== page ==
Nor have plaintiffs established that defendant had actual or constructive notice of the condition. There is no evidence that defendant had actual notice that the barrier had been placed in the walkway. "To constitute constructive notice, a defect must be visible and apparent and it must exist for a sufficient length of time prior to the accident to permit defendant's employees to discover and remedy it." Gordon v. American Museum of Natural History, 67 N.Y.2d 836, 837, 501 N.Y.S.2d 646, 647, 492 N.E.2d 774 (1986) (citations omitted). There is no evidence regarding how long the barrier had been located in the walkway before Goodman's accident. The fact that the barrier weighed approximately forty pounds does not indicate that "it is likely it had been there for some time," as plaintiffs contend, (Pl. Mem. at 10-11).
Plaintiffs can establish constructive notice without proving the length of time that elapsed while the barrier was located in the walkway by putting forth evidence of a recurrent dangerous condition. "When a landowner has actual knowledge of the tendency of a particular dangerous condition to reoccur, he is charged with constructive notice of each specific reoccurrence of that condition." Weisenthal v. Pickman, 153 A.D.2d 849, 851, 545 N.Y.S.2d 369, 371 (2d Dep't 1989) (citations omitted); Alvarez v. Mendik Realty Plaza, Inc., 176 A.D.2d 557, 575 N.Y.S.2d 25 (1st Dep't 1991), leave to appeal denied, 79 N.Y.2d 756, 583 N.Y.S.2d 191 (1992). Plaintiffs point to O'Connell's testimony that the barriers "were moved constantly, overnight," that there was a "normal practice" of putting back barriers that were found during the day to have been moved, and that the barriers "could be angled." According to plaintiffs, these facts establish a recurrent dangerous condition. But this testimony is too vague to satisfy plaintiffs' burden. O'Connell's testimony that barriers were moved is not evidence that the two barriers near the exit were moved into the walkway or to any other place where they became dangerous. Plaintiffs do not demonstrate that the barriers were repeatedly "angled" so that they protruded into the walkway or were otherwise hazardous. There is no evidence that any barrier had ever been in the walkway prior to Goodman's accident. Plaintiffs have failed to put forth sufficient evidence to show a genuine issue of fact as to whether there was a recurrent dangerous condition.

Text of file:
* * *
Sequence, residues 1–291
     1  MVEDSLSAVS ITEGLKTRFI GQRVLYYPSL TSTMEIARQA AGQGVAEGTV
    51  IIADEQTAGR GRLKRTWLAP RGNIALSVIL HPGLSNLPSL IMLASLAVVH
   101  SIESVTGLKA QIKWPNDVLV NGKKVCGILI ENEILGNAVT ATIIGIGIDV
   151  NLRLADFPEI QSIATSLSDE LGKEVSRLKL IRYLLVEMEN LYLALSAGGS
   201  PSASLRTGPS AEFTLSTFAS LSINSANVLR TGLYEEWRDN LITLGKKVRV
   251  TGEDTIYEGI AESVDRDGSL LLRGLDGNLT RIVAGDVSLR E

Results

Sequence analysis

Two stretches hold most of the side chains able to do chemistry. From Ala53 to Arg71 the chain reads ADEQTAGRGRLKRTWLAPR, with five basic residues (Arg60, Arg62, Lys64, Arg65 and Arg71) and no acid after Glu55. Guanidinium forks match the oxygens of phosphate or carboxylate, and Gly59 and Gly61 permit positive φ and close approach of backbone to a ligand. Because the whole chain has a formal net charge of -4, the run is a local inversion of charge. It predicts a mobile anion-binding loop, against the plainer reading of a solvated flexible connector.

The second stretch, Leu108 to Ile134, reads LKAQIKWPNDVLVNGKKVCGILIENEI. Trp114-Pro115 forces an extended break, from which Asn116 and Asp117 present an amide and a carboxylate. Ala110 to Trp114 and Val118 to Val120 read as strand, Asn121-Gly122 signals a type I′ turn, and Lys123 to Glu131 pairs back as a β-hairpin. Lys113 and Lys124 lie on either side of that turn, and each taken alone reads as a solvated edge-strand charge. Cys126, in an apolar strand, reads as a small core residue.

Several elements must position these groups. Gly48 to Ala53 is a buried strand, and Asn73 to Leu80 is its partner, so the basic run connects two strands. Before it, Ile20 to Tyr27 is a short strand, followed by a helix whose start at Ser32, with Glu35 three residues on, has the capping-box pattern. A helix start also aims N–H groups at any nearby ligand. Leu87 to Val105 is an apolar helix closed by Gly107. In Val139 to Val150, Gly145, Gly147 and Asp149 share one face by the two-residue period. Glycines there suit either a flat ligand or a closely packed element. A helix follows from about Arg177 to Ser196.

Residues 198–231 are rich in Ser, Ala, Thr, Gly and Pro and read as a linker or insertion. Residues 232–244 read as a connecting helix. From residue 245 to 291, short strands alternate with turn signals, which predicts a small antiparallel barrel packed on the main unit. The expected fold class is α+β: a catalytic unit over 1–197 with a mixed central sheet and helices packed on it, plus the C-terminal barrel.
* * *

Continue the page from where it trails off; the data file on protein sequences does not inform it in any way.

For the foregoing reasons, defendant's motion for summary judgment is granted.
Dated: New York, New York
March 2, 1996
MIRIAM GOLDMAN CEDARBAUM
United States District Judge